Andy Murray
Murray was dumped out of the Italian Open by home favourite Fabio Fognini in the second round on Tuesday (16 May) Reuters

Italian Open defending champion Andy Murray was knocked out in the second round by home favourite Fabio Fognini on Tuesday (16 May).

The world number one, who is struggling for form at the moment, went down 6-2, 6-4 in just 90 minutes to become the top seeded player to fall in his opening match in almost 10 years – Rafael Nadal lost his opening match to Juan Carlos Ferrero in 2008.

Fognini played one of the best matches of his career and blasted 23 forehand winners to dump Murray out of the competition that the Scot won in 2016 without dropping a single set. The 29-year-old became the first Italian to beat a world number one since Filippo Volandri beat Roger Federer in 2007 by the same scoreline in the third round in Rome.

Murray has struggled for form since the start of the year despite picking up one title at the Dubai Tennis Championships and making it to the final in the opening tournament of 2017 in Doha. In the last four tournaments — Indian Wells, Monte Carlo, Barcelona and Madrid — however, the Scot has made one semi-final, two third round exits and one second round exit.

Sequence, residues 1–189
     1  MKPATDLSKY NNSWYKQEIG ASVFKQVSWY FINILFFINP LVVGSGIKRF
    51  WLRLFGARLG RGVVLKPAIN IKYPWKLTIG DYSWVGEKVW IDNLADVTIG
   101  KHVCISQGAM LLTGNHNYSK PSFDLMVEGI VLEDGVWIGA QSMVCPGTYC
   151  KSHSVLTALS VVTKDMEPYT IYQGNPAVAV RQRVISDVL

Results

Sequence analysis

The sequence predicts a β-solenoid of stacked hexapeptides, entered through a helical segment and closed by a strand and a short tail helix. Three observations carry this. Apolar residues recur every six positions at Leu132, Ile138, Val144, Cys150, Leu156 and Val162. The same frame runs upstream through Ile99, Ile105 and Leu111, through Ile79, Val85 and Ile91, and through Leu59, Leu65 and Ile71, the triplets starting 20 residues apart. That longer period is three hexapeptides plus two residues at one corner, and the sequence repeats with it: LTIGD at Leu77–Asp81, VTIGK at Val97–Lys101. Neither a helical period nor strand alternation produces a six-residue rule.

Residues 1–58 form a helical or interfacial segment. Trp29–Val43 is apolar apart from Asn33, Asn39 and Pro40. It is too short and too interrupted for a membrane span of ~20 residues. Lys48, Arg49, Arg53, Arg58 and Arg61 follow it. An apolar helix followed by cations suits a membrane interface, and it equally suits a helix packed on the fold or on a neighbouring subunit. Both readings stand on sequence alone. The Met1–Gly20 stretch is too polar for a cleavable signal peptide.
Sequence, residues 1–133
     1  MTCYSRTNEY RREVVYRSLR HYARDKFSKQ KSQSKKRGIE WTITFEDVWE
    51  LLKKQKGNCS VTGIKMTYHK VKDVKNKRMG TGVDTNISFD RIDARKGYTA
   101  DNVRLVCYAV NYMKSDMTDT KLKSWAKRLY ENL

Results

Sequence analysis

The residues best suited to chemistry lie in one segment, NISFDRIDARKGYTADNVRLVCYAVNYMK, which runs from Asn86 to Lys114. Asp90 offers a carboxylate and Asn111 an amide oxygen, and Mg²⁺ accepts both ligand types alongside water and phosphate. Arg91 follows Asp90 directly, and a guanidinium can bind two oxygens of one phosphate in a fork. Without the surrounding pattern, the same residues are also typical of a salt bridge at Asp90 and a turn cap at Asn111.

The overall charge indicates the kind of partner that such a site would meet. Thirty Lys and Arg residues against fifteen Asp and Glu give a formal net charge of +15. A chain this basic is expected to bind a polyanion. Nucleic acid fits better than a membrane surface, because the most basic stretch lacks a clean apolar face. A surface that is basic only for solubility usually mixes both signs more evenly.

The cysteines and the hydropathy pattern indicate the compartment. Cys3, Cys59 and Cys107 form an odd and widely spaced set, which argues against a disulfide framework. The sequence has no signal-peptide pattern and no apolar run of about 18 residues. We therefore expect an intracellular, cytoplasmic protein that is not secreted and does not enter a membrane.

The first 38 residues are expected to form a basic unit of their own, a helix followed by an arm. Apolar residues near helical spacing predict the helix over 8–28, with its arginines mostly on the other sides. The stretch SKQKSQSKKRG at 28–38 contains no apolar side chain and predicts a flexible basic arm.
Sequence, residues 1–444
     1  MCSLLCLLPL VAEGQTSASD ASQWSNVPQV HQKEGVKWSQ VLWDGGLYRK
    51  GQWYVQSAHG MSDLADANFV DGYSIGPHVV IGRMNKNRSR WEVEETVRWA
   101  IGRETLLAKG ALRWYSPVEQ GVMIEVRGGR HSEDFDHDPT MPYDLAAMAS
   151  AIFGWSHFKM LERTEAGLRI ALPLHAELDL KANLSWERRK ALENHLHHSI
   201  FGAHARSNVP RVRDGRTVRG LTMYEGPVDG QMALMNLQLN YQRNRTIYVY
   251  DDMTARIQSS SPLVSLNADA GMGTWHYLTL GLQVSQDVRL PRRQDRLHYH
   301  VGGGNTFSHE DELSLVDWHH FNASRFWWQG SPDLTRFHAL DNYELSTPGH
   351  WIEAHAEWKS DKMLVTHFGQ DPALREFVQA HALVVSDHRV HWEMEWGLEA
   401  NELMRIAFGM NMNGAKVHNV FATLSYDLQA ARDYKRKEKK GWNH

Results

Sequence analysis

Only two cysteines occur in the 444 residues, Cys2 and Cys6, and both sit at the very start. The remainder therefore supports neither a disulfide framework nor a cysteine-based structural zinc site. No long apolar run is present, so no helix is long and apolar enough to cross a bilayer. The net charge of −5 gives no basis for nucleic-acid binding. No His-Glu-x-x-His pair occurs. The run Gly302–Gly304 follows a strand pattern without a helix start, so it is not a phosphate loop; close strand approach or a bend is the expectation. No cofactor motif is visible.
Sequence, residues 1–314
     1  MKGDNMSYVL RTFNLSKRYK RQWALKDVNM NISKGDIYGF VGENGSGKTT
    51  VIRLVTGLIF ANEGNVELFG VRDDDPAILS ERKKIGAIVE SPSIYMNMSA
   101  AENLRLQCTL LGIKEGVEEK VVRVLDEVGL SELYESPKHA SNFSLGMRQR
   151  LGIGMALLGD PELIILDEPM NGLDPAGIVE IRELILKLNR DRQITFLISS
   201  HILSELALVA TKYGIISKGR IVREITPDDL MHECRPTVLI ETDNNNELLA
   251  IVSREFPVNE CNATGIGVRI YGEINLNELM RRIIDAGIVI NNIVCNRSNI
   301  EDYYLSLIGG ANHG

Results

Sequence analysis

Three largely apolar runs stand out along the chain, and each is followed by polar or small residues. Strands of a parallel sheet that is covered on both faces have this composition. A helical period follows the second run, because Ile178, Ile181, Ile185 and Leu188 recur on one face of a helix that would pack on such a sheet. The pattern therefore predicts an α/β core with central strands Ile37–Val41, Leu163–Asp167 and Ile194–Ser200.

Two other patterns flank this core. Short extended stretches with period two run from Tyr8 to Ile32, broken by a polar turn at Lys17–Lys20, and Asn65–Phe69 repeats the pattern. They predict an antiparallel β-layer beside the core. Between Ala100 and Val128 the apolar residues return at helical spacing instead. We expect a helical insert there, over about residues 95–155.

The three-time Grand Slam champion conceded that he was completely outplayed by Fognini during the second round clash and revealed that he is still looking for an answer to his recent lack of form. Murray's next outing will be at the French Open, which begins on 28 May.

"He was taking the ball early, hitting the ball close to the lines and dominating most of the points," Murray said, as quoted by ATP's official site. "Normally during matches your opponent might give you a few opportunities with some errors, and obviously you hope to create a few yourself. That certainly wasn't the case today. The only chance I really got was when he was making errors."

"I felt like after Barcelona I would start to play better, and the last two weeks have certainly not been as good as Monte-Carlo and Barcelona. Even the match I lost in Monte-Carlo, I did actually feel like I played some good tennis. The last couple of weeks have definitely been a struggle and a long way from where I'd like to be."

"But the last few weeks, there is no reason for it from my end. I'm just not playing good tennis, and I need to try and work out how to turn that around. I believe I will," the Scot was quoted as saying on ATP's official site.